How do you incite a punk revolution? It's no simple task, but Tarantulas Records has found itself in a very opportune position to do just that. When the Explosion, Boston's premier punk outfit, signed to a major, the band members took their newfound funds and started Tarantulas, making them part of the pseudo-executives of this quasi-business venture. But the label is more than just another P.O. box sending out seven-inches in exchange for stamps; it's the friend's label with a bank account. And they're using that account to promote some of the freshest and most genuine bands of the moment. Case in point is the Bronx, a Los Angeles four-piece that blends old-style L.A. punk (see Black Flag) with the updated noise capabilities of the new millennium.
Bats!, a three-song EP, is a harbinger of the forthcoming album, slated for release Aug. 26 on the band's own label, White Drugs Records. Nothing says you're punk more than putting out your own record; it gives further credit to the oft-debated punk status of any new band that uses searing string tempos and raucous drum thunder. The concern is that it's not music by drunk and disorderly musicians who would turn over your grandmother's house for a suitcase of beer and some girly mags, but a proximity deception produced by a studio rat who has the time signatures of every Wire album transcribed into his PalmPilot. Never fear when it comes to the Bronx; the band assures the budding listener that this EP, and the soon-to-come full-length, was recorded "at people's houses at weird hours of the night on loads of uppers, cigarettes and coffee."
The music reaches from the unruly to the unrelenting: loud, blaring, and yet oddly melodious. The title track sounds as if the guitars are in a race with the drums, but decide in the end that the race is pointless. They join forces for a climax as Matt Caughthran screams, "Skies are falling/ You paint your pictures/ You can paint a thousand/ Well, it makes no difference."
Lyrics like these make it easy to see how the Bronx became a quick flagship of Tarantulas -- the Explosion's latest EP is called Sick of Modern Art. The shared disgust for impotent art extends beyond the music and into the lifestyles of these bands, prospective heirs to Sid Vicious's legacy. Writing from Hollywood Boulevard, the West Coast nexus of vice, the Bronx keeps to the subject matter that punk rock knows best: lowlife living in a land of false promises. For them, life consists of "seeing a person get shot seven times and trying to stop the blood gushing from bullet holes in his neck, a couple overdoses, having no money, not being able to drive anywhere because of warrants, unpaid tickets and no insurance, and basically having Los Angeles kick us in the teeth every day."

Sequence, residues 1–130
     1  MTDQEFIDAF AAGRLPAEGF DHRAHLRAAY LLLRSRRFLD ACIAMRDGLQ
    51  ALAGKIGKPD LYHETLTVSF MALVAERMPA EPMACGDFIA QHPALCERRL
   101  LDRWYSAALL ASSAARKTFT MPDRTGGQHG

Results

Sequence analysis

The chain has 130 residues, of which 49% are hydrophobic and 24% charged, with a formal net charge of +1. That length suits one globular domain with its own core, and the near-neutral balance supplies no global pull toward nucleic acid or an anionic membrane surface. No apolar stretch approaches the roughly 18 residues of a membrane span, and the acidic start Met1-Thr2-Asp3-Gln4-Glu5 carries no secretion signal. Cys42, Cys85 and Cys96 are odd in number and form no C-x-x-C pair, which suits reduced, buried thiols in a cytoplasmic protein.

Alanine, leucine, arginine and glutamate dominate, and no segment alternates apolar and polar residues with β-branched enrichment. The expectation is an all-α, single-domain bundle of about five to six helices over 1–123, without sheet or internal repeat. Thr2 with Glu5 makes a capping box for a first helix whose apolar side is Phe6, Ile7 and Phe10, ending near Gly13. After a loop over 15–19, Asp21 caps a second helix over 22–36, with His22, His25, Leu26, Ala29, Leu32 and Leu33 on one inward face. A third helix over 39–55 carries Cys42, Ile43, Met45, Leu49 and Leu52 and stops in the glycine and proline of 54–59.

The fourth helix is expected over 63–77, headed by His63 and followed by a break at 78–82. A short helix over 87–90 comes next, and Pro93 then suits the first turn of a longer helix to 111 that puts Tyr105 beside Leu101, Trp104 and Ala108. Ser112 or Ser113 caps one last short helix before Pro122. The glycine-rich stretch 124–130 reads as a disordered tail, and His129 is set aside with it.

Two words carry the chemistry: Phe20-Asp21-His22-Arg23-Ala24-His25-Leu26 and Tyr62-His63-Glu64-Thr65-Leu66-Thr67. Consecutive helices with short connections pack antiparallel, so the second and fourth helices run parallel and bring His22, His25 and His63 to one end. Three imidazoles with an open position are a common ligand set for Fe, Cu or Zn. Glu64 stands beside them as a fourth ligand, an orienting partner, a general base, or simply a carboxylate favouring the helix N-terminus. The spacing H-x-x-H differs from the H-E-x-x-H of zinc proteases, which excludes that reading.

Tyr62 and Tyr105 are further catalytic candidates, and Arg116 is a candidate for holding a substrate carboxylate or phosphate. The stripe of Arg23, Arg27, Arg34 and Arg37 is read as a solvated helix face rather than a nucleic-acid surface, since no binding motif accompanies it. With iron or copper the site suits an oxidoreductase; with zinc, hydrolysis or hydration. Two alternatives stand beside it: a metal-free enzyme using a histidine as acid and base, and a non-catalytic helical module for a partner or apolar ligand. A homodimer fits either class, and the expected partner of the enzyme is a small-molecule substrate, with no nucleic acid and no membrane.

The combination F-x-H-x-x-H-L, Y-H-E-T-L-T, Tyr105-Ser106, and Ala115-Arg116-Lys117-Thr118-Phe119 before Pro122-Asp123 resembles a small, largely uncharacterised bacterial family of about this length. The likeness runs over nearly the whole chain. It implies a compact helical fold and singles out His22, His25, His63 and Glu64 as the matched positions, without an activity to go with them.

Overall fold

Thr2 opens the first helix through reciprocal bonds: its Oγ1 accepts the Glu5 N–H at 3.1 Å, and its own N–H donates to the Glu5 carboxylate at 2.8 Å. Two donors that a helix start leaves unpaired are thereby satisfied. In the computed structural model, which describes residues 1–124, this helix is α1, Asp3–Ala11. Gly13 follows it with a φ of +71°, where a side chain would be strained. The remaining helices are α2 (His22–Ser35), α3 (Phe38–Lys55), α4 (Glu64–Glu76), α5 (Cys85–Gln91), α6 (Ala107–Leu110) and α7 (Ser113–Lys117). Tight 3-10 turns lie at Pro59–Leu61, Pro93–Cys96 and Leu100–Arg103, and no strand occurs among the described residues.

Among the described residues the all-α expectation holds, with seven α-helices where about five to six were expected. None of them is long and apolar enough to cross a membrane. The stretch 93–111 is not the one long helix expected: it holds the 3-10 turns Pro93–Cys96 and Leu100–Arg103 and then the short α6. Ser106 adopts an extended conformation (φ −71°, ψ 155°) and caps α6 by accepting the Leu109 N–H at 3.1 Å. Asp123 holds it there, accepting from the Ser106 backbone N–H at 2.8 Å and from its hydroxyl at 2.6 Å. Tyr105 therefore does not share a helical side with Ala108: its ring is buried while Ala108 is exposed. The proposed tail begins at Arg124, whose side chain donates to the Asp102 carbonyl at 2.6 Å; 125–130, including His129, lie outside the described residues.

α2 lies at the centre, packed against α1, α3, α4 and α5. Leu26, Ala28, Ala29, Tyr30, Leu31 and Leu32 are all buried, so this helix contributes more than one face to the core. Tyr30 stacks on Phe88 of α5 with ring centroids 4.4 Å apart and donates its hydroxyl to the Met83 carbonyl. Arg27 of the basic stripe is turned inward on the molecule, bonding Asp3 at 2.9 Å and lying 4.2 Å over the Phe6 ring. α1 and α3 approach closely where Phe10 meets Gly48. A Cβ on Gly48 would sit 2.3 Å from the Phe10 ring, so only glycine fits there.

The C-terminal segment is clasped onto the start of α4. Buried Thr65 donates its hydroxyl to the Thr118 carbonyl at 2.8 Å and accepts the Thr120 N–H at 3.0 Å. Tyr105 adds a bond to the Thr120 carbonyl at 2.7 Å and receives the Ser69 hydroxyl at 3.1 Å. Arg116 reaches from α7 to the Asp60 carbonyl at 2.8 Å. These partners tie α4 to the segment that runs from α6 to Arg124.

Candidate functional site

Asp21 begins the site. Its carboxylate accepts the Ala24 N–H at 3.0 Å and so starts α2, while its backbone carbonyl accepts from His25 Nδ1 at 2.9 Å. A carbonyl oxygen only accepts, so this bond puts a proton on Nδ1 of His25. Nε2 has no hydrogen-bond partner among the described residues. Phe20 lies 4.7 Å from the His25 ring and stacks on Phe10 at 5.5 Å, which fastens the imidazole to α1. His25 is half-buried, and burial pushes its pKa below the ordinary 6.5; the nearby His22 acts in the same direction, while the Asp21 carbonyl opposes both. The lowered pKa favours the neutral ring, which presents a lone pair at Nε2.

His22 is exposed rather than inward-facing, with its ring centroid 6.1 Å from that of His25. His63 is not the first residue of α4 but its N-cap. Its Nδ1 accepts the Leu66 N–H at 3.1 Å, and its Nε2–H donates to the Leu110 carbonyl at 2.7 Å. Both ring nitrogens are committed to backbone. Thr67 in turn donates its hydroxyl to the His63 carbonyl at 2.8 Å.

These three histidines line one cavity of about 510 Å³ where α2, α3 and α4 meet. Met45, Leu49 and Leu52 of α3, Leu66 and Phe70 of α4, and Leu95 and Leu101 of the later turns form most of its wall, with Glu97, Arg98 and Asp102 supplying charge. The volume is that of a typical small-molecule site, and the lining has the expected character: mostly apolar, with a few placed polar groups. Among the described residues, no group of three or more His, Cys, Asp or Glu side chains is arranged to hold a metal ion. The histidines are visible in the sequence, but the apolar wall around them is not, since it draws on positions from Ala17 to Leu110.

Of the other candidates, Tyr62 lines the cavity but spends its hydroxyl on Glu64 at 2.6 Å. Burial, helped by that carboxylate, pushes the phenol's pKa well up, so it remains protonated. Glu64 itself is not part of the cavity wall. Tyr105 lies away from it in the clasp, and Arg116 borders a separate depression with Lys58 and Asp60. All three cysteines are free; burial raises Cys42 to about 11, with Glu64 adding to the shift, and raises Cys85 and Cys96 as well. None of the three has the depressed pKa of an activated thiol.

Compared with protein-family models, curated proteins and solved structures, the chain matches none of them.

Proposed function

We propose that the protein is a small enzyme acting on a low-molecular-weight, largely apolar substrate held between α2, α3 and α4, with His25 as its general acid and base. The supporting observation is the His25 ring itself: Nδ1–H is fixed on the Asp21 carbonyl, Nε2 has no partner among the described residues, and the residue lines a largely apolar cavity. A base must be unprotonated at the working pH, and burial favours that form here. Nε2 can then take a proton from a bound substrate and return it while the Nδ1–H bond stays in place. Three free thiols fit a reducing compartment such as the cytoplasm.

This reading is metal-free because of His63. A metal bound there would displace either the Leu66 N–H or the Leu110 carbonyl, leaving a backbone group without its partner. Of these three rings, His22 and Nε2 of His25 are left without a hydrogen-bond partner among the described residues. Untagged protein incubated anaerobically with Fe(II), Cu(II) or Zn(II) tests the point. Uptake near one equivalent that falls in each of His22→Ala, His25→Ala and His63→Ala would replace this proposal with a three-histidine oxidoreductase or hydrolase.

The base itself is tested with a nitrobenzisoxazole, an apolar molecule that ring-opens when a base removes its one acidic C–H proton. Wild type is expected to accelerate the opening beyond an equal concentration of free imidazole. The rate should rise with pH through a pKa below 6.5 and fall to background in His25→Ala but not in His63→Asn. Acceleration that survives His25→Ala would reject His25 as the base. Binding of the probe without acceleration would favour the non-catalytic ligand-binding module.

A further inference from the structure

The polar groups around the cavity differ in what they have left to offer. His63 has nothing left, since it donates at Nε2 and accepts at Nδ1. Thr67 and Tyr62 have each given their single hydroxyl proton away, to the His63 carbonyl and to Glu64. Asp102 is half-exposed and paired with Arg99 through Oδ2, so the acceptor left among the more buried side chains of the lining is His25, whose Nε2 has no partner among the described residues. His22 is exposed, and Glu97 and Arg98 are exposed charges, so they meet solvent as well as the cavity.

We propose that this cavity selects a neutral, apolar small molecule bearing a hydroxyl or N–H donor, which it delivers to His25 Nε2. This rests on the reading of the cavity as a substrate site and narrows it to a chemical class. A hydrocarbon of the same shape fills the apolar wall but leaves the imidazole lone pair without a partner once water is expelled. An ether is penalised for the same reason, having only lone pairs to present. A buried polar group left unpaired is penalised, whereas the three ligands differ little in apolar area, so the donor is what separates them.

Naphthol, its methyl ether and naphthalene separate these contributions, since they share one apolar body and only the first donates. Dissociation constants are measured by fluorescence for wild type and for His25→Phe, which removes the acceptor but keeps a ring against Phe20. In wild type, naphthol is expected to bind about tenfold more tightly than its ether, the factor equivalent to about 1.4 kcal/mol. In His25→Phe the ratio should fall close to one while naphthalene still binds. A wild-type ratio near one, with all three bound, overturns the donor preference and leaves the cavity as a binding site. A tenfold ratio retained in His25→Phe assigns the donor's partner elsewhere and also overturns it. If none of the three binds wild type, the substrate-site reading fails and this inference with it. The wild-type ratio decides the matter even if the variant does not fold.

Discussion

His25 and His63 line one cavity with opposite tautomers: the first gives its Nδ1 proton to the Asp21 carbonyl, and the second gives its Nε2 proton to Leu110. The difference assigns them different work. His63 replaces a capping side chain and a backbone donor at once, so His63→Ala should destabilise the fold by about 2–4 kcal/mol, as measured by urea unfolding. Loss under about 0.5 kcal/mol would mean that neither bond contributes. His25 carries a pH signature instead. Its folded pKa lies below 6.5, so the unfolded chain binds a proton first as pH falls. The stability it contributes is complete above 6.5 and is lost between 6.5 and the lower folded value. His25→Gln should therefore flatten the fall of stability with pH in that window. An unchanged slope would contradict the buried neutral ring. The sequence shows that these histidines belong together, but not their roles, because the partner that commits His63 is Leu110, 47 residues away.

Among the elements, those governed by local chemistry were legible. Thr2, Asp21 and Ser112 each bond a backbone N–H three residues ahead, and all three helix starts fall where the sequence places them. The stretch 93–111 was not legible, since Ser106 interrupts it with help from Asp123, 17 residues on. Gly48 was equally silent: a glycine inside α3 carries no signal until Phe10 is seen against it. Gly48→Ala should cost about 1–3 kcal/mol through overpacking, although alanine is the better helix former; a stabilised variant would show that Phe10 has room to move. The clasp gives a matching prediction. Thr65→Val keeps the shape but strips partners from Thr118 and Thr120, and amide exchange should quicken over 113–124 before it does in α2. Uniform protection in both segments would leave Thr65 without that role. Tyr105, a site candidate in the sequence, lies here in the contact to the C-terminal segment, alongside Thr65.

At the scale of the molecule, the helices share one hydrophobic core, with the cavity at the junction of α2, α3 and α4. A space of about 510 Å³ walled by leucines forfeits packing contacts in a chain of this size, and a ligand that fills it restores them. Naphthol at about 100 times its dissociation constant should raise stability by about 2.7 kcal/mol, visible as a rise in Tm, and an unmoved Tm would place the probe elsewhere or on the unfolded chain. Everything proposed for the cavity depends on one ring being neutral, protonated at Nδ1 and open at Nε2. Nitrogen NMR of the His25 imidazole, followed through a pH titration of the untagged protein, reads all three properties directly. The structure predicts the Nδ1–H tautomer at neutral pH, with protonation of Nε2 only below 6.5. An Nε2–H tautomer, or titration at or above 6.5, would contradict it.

The Bronx feels the burden of the urban martyr, and writes about the alienation in "You Want to See Us Burn," the second track on the EP; the lyrics are sung so hoarsely you can almost hear Caughthran's vocal chords shredding. The last track, "Private Affair," is a cover of Australian punk legends the Saints, and is good to the last second, rounding out this EP at a very punk length of less than eight minutes. The song is a kickback to the simple yet timeless topic of conformity, and the unyielding resistance to such a concept.
While paying homage to your idols by singing their words -- "Not everybody wants to be the same" -- the next test of punk aptitude will be when the full-length drops. It could be the hardest hitting piece of punk wax this summer, but for my money I'm just hoping it'll explain how a band from Los Angeles decided to name themselves after a borough of New York. Ironies aside, Tarantulas Records has put forth a buffet of valiant releases for your sampling. Each one is a different flavor but blends distinctly into a taste best sampled by picking up the 11-song compilation disc that came with the first 10,000 copies of Sick of Modern Art, a bargain any broke punk rocker can't afford to pass up.
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